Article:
So we've reached back twenty years, to the last (and only) time that a Justice of the Tennessee Supreme Court -- Stewart's colleague at the University of Tennessee, Penny White -- was non-retained. And we've found some eerie similarities to the current controversy.

July 25, 2014 09:09 AM PDT

Dolly Parton! Whaa?

It turns out that the country music superstar is a high school friend of the Chief Justice of Tennessee. His name is Gary Wade, and he tells us some fascinating stories about how he became the highest judicial officer in his state, what his job entails, and how he now faces a coordinated political attempt to have him removed from the bench, along with two of his Supreme Court colleagues.

On a happier note, he also tells us some great stories about his high-school friend and "television girlfriend," Dolly Parton. Do you know, for example, what instrument Dolly played in the Sevier County High School Band? Hint: it wasn't the flute. But you'll have to listen in to find out more.

July 18, 2014 05:13 AM PDT

Cloaks and daggers? Old news. Now it's keypads and iPads and other high-tech spying.

The United States and China both do it. But they do it differently - or so they say. Dr. Joseph Fitsanakis, the Director of the King Institute for Security and Intelligence Studies, tells us all about this secret struggle for security supremacy.

July 11, 2014 07:14 AM PDT

Here's the latest in our series about the judiciary. This time we speak with the kind of judge you are most likely to encounter if ever you find yourself in court: a trial judge. His name is Thomas Seeley, Jr., and he hears all types of civil cases in his courtroom in Johnson City, Tennessee. As you might expect, he's got lots of interesting stuff to say.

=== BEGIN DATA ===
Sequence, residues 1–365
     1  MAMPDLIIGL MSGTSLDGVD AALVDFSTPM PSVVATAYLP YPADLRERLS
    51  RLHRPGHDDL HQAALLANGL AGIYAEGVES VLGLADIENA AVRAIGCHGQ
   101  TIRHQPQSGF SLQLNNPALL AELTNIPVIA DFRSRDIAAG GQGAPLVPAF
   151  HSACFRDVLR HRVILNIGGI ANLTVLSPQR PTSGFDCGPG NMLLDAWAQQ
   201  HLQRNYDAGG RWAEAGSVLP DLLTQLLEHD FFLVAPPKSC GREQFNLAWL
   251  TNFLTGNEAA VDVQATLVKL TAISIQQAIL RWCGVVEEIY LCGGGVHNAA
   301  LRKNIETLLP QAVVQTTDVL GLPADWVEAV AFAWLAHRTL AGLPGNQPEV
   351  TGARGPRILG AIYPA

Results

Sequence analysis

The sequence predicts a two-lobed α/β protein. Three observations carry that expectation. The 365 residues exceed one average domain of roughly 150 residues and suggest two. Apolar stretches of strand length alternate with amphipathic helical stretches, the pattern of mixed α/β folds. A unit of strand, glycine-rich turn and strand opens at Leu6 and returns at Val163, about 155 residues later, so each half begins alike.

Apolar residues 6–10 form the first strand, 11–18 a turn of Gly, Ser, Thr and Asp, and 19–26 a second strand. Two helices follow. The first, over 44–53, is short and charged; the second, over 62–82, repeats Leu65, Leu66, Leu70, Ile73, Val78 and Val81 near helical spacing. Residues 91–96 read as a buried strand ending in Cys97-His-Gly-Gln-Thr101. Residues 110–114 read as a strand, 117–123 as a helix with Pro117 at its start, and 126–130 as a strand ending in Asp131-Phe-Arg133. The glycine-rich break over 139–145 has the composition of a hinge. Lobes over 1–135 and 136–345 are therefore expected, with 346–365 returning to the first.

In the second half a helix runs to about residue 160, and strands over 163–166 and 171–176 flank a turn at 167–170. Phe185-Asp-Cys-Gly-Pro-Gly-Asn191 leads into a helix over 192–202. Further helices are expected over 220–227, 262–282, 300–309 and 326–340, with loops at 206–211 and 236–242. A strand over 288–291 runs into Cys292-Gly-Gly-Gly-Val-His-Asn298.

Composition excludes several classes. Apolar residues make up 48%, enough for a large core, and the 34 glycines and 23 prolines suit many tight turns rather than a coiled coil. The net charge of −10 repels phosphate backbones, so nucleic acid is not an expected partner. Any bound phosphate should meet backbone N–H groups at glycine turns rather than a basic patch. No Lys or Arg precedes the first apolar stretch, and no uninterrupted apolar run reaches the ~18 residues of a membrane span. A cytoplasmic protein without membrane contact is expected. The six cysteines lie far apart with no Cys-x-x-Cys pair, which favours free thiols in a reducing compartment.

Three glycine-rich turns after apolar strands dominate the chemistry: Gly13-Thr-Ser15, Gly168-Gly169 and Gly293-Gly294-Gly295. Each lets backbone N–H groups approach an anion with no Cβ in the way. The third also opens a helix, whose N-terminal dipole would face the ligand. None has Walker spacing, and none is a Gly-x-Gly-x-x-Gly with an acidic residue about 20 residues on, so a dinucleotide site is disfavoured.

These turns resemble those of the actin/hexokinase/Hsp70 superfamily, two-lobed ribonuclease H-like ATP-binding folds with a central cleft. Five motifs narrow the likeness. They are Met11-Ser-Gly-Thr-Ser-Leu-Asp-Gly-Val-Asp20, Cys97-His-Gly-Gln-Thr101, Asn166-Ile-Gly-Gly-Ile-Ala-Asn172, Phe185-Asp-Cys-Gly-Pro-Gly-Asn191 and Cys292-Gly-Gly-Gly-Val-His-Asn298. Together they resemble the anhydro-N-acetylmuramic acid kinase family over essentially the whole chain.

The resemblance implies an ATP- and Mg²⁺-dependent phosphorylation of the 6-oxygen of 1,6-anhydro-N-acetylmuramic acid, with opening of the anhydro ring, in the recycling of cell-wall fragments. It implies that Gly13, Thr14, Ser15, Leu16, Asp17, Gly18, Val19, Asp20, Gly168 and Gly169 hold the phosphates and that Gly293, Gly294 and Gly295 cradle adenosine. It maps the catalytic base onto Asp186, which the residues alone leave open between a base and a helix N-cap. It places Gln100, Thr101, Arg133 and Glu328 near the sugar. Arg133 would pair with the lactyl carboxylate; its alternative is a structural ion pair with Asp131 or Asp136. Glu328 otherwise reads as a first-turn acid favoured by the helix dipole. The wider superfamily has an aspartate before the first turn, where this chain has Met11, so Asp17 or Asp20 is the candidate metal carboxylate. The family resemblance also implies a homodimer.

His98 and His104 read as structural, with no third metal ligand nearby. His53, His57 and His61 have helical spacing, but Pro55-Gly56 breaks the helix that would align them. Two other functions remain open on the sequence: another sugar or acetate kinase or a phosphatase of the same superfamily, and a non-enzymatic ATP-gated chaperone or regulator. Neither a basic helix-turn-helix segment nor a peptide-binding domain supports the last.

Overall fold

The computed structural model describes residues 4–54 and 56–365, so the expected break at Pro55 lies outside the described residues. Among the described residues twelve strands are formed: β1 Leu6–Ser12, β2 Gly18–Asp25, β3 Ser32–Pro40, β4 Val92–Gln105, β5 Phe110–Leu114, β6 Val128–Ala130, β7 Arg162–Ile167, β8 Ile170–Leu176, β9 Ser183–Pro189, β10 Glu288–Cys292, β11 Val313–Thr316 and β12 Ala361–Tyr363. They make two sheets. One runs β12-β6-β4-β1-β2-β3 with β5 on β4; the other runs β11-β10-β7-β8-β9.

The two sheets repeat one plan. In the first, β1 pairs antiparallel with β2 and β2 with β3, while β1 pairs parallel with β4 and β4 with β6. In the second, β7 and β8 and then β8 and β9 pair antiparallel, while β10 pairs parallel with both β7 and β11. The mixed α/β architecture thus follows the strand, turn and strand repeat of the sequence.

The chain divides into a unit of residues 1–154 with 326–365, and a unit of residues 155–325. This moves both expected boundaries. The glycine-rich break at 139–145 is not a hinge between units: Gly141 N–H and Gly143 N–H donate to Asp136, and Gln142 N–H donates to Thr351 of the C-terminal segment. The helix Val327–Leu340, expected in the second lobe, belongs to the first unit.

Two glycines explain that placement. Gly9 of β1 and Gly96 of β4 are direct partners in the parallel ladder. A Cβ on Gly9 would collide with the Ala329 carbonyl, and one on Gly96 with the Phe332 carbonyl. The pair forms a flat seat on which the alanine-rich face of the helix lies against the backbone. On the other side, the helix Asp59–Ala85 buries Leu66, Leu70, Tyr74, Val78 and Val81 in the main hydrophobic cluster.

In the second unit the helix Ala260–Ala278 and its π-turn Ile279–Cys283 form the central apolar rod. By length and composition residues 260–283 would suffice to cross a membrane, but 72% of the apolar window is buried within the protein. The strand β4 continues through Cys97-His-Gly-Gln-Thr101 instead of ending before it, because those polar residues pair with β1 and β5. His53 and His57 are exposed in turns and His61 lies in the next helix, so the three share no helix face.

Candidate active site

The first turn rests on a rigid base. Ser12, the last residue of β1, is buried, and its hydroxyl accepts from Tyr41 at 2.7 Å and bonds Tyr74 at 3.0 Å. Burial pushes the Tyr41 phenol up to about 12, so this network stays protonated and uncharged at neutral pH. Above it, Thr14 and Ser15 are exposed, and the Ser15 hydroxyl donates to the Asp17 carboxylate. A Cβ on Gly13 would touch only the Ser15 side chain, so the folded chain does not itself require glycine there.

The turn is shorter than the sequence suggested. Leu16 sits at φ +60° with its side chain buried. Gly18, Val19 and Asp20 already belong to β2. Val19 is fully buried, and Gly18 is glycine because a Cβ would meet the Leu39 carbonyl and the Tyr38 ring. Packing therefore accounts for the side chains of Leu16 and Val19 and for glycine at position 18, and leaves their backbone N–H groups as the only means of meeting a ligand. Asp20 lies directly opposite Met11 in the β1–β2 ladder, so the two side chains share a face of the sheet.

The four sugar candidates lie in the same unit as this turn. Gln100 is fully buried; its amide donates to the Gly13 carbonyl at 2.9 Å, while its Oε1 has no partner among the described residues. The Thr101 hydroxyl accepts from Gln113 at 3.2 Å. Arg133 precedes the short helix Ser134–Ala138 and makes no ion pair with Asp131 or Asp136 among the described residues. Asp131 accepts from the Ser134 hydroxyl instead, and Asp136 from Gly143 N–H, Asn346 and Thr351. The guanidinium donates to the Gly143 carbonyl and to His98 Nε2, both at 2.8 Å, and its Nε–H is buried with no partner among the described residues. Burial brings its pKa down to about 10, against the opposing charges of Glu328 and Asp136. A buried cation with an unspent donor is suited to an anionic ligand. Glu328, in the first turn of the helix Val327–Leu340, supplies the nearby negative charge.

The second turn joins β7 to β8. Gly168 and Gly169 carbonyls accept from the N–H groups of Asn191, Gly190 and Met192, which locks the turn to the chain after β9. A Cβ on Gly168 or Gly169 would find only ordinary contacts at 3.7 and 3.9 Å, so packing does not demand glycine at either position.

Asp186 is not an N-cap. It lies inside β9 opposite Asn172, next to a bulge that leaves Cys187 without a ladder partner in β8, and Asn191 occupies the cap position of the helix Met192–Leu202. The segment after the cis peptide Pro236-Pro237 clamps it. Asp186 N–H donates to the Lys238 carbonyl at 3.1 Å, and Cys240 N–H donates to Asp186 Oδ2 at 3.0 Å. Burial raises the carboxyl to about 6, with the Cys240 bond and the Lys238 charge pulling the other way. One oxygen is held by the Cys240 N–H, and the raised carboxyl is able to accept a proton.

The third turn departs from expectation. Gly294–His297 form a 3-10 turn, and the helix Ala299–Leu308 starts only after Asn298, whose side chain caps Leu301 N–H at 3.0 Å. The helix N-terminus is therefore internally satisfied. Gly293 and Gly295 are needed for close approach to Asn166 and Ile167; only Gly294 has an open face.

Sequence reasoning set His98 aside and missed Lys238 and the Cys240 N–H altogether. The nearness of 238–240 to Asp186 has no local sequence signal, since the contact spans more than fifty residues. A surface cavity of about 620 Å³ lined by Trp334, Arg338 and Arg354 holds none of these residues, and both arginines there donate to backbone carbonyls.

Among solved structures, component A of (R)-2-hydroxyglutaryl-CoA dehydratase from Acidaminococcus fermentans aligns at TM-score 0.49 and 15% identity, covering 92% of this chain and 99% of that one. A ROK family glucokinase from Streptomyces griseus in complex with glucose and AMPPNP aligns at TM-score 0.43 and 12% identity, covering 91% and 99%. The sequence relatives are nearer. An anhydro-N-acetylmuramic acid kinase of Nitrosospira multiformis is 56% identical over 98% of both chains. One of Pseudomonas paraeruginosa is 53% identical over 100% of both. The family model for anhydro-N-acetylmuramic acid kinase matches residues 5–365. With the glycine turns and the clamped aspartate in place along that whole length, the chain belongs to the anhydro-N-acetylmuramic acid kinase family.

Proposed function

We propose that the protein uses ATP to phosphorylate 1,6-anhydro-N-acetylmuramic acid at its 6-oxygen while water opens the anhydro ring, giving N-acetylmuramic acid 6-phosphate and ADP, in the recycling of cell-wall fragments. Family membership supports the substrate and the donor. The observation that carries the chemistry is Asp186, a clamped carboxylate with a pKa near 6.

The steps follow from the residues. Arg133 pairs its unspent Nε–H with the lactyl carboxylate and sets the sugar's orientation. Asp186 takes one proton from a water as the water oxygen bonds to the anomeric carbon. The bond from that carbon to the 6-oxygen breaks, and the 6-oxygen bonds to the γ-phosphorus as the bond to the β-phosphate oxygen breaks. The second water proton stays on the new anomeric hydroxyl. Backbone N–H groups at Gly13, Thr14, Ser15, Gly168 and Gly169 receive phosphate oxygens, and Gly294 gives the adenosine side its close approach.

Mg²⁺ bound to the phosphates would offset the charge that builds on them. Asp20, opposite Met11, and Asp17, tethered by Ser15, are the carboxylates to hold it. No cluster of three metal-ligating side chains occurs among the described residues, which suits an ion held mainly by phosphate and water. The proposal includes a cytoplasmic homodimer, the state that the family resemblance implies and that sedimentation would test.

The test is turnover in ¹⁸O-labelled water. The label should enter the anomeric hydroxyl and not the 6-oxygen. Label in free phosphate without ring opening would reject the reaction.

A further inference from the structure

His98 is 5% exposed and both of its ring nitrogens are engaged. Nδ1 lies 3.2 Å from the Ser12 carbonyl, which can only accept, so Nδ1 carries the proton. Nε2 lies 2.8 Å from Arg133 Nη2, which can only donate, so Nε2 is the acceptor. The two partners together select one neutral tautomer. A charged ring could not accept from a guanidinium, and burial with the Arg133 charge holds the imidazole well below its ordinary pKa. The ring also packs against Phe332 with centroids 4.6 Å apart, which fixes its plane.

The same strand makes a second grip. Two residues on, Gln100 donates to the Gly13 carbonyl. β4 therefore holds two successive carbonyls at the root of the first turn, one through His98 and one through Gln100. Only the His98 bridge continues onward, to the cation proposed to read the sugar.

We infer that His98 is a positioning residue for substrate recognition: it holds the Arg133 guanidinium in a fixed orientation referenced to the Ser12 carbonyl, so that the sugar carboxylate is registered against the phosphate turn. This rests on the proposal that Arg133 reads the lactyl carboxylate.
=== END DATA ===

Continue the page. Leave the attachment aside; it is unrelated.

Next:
After Judge Seeley, we get in the car and drive down to North Carolina to visit the remarkable Grove Park Inn, a five-star resort frequented by Presidents and foreign diplomats and, perhaps, by another group of people you've heard of: the United States Supreme Court. Tracey Johnston-Crum, the Inn's resident historian, tells us all about a secret contract with the Court that provides that . . . well, you'll just have to listen in to find out.

July 04, 2014 10:39 AM PDT

The Good News Club is an after-school program run by evangelical Christians. A few years back, the Supreme Court ruled that public schools who had denied access to the Club for fear of violating the Establishment Clause had actually violated another part of the First Amendment, the Speech Clause. In essence, the Court said that all groups, religious and non-religious, were constitutionally entitled to equal access to public facilities - otherwise, the government would be regulating their speech based upon its content.